Monday, August 20, 2012

comics for the week of 08/15/12.

At some point, I figure that I'm going to have to start throwing X-Force reviews in here. I'm kind of bummed that I didn't jump on buying this book from the beginning, but it's at the point now where it's so good that if you're not buying it, you should just get over that, like I did, and give in. It's worth it.

Batwoman 12 - God. It cannot be overstated what it means to have JH Williams back on art on this title. Without him on pencils, this title is middling at best! With him returning, this title jumps up to the top of DC's stack. Here, he seems to be aping Cliff Chiang's style on Wonder Woman, throws plenty of variation into the mirrored views of Werebeast and Batwoman, stylizes the page in roundabouts and exaggerated angles, and still leaves room for Kate to smash a glass version of Bloody Mary and talk to the shards that her explosion leaves. This book is magnificent. When he switches back to traditional comic book art, as in the section with GCPD and the protests, it still looks head and shoulders better than anything anyone else is doing! The fight with Maggie Swayer reminds us that these are real people, and then he kicks it up ANOTHER notch! He can ramble in his new-author way all he wants, if he's going to deliver a book that is this gorgeous.

Before Watchmen: Rorschach 1 - Wow! This book starts off gnarly! There's a reason why I've mentioned Rorschach as the character that most people relate to/think of as the protagonist of Watchmen. He's a compelling figure. Here, Azzarello really gets his voice right (not just with the Hurm, which is easy) and Bermejo's art is nearly at its peak. The tone of the book, the way it looks and feels, is perfect. Rorschach is a mess the entire time, and that's pretty much how he should be. He's compelling because he's human - so flawed and so imperfect, in so many ways. There's nothing pretty about his birth, his life, his circumstances, or the way he sees the world. This is his reality. This issue feels like just as much, if not more, of a home run as Minutemen 1 did. The Before Watchmen line is picking up.

Green Lantern 12 - While the change in artists bummed me out, I'm still happy with this book overall. The tone of Hal and Sinestro working together has been something that Johns has always had a really good grip on, and it's fortunate that he's one of the people in charge of the DCnU (presumably), because he knows where it's all ultimately going to go, and I think that's reflected in the strength of his writing. Continuing the story of the Book of the Black, we find out more about the other books, the third army, and how far the Guardians have fallen. Regardless of how good it is, though, there's no denying that we're in something of a holding pattern. Bendis-style decompressed storytelling has made its way to the DC Universe, and GJ (and Johns, in general) is definitely guilty. Black Hand gets his comeuppance, which makes it clear just how bad Nekron was and how much of a chump William has always been. The zombie angle was something of a waste, and why even show Carol for those few panels? Overall, good book, but it's just biding its time until the next event, which doesn't bode well for those of us who are more than a little fatigued by the endlessness of the GL assault.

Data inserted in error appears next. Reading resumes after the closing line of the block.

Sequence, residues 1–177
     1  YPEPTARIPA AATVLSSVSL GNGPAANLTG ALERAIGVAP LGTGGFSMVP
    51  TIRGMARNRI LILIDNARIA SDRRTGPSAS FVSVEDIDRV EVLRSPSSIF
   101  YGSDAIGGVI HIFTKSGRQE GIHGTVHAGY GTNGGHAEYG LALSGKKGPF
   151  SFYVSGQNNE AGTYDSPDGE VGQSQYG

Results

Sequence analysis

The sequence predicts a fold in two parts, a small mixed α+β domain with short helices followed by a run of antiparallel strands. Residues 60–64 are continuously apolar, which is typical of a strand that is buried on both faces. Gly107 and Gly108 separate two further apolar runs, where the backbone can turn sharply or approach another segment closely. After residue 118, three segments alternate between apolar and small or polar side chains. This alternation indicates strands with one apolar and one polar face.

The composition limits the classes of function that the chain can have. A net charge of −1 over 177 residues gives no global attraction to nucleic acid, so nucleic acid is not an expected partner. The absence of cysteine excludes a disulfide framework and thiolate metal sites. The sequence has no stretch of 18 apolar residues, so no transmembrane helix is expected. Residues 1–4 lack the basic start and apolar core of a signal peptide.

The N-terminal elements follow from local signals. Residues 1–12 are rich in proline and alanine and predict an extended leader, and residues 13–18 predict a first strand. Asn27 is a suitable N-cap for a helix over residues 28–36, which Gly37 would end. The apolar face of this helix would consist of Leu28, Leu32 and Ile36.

Revival 2 - Yeah, this one was good. But I can't say that it lived up to the promise of the first issue. It was solid, and I'm loving the characterization that we're getting. Tim Seeley is writing the hell out of this book and it shows. But...it didn't captivate me the way the previous issue did. I know it's going to be a slow(er) build, and I'm OK with that, but it didn't have the shock and awe factor working in its favor. I'm sticking with the book, but for now, all we have is family dynamics added to the intriguing premise we had last issue. I'm not complaining.

Saga 6 - This is some whole other level shit. Brian K. Vaughn is plotting a saga and he is not messing around. The whole, "I named it Saga on purpose"? That was real. We have here a multi-generational, multi-planet, space opera unfolding before our eyes. I don't believe (I hope!) that Izabel is dead, because she's too good of a character. Hazel has already characterized The Will as a terrible creature, but I can see him becoming the best kind of anti-hero. And the Robot Prince? God, he's pretty straight up evil. And we haven't even gotten to the main characters yet! The further along in this tale we go, the better Alana and Marko get. They're believable, their relationship seems real, and the way they treat their daughter is priceless. This is the book to be reading.

Book of the week goes to Batwoman, for the pure pleasure of JH Williams coming back to take other artists to school.

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